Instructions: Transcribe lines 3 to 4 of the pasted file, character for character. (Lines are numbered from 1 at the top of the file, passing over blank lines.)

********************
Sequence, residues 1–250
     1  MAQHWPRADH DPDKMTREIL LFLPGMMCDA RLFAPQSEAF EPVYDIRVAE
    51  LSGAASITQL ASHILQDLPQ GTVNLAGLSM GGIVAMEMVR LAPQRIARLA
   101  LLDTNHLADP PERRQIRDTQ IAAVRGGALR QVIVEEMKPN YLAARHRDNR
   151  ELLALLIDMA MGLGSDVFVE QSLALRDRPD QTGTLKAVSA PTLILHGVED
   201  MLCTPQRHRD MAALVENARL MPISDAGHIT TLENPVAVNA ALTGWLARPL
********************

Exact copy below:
    51  LSGAASITQL ASHILQDLPQ GTVNLAGLSM GGIVAMEMVR LAPQRIARLA
   101  LLDTNHLADP PERRQIRDTQ IAAVRGGALR QVIVEEMKPN YLAARHRDNR